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692 Phil. 502


[ A.C. No. 9094, August 15, 2012 ]




This is a disbarment case against a lawyer who sued a former client in representation of a new one.

The Facts and the Case

Complainant Santos Ventura Hocorma Foundation, Inc. (Hocorma Foundation) filed a complaint for disbarment against respondent Atty. Richard Funk.  It alleged that Atty. Funk used to work as corporate secretary, counsel, chief executive officer, and trustee of the foundation from 1983 to 1985.[1] He also served as its counsel in several criminal and civil cases.

Hocorma Foundation further alleged that on November 25, 2006 Atty. Funk filed an action for quieting of title and damages against Hocorma Foundation on behalf of Mabalacat Institute, Inc. (Mabalacat Institute). Atty. Funk did so, according to the foundation, using information that he acquired while serving as its counsel in violation of the Code of Professional Responsibility (CPR) and in breach of attorney-client relationship.[2]

In his answer, Atty. Funk averred that Don Teodoro V. Santos (Santos) organized Mabalacat Institute in 1950 and Hocorma Foundation in 1979. Santos hired him in January 1982 to assist Santos and the organizations he established, including the Mabalacat Institute, in its legal problems. In 1983 the Mabalacat Institute made Atty. Funk serve as a director and legal counsel.[3]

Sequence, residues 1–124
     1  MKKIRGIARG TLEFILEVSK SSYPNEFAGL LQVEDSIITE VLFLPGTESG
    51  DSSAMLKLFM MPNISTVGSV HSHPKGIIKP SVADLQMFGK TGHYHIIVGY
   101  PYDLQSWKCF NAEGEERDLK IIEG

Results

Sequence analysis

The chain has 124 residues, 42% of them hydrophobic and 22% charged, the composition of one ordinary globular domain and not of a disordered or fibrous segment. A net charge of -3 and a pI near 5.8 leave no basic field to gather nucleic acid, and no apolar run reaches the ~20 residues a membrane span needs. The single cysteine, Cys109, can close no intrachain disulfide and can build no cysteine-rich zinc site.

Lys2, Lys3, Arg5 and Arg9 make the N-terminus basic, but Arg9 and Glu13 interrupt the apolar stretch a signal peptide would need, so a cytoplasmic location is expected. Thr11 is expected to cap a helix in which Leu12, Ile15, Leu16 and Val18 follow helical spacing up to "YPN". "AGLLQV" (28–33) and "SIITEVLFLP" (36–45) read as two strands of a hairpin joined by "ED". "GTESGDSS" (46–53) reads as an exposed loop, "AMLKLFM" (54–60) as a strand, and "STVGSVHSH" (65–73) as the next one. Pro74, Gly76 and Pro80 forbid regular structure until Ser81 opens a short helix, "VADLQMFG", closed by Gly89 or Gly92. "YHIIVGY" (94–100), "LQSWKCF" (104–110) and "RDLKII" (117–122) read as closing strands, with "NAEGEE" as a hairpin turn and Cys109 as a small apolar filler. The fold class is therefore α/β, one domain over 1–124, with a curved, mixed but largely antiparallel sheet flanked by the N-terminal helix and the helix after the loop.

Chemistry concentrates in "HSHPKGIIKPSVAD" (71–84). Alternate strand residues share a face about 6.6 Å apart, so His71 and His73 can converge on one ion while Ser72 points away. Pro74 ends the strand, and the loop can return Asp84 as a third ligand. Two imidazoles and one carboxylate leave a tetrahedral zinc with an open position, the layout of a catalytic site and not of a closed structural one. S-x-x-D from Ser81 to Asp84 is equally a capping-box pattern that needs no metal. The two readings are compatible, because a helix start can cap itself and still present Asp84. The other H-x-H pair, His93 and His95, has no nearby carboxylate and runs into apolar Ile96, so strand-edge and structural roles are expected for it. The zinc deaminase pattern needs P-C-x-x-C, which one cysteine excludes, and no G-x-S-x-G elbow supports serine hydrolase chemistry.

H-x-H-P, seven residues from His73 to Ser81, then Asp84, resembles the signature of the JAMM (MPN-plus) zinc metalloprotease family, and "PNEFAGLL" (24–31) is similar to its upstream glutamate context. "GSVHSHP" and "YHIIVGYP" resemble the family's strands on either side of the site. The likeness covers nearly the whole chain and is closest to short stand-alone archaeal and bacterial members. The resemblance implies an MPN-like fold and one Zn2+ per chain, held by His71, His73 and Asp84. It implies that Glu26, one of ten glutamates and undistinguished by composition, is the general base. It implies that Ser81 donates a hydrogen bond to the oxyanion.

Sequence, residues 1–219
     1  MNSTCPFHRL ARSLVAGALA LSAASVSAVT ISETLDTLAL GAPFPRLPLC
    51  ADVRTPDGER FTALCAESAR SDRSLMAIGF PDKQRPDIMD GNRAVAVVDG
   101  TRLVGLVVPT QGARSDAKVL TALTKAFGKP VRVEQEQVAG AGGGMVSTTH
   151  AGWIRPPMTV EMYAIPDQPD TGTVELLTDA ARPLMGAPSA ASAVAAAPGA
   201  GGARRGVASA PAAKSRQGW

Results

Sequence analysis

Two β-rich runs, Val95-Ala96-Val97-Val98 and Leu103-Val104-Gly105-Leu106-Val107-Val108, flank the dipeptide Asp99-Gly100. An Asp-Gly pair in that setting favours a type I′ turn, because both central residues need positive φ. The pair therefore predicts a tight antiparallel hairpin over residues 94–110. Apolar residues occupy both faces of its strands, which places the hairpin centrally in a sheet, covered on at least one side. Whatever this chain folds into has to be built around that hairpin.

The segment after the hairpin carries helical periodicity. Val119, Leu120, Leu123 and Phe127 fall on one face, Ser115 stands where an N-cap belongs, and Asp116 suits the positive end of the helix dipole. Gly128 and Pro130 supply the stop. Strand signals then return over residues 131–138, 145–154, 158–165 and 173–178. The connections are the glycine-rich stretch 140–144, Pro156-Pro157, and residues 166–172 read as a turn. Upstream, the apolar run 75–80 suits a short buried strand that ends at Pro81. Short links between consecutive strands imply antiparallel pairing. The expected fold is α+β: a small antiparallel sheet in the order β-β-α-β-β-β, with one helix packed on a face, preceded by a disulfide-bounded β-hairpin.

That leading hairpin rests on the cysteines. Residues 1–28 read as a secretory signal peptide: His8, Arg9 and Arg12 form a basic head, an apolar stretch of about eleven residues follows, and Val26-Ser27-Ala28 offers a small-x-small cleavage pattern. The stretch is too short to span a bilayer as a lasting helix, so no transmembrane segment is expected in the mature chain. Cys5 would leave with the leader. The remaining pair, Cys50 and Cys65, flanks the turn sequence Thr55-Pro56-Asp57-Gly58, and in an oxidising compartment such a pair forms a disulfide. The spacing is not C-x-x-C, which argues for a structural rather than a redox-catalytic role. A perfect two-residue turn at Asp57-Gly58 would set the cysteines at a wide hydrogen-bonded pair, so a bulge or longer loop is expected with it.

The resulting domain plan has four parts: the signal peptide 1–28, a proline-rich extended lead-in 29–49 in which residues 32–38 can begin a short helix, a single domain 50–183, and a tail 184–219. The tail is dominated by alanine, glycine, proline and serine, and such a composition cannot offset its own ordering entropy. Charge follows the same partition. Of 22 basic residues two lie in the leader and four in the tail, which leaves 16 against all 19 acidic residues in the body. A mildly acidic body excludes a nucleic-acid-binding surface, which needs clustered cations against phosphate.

Subsequently, according to Atty. Funk, when Santos got involved in various litigations, he sold or donated substantial portions of his real and personal properties to the Hocorma Foundation. Santos hired Atty. Funk for this purpose. The latter emphasized that, in all these, the attorney-client relationship was always between Santos and him. He was more of Santos’ personal lawyer than the lawyer of Hocorma Foundation.[4]

Atty. Funk claimed that before Santos left for America in August 1983 for medical treatment, he entered into a retainer agreement with him. They agreed that Atty. Funk would be paid for his legal services out of the properties that he donated or sold to the Hocorma Foundation. The foundation approved that compensation agreement on December 13, 1983. But it reneged and would not pay Atty. Funk’s legal fees.[5]

Atty. Funk also claimed that Santos executed a Special Power of Attorney (SPA) in his favor on August 13, 1983. The SPA authorized him to advise Hocorma Foundation and follow up with it Santos’ sale or donation of a 5-hectare land in Pampanga to Mabalacat Institute, covered by TCT 19989-R. Out of these, two hectares already comprised its school site. The remaining three hectares were for campus expansion.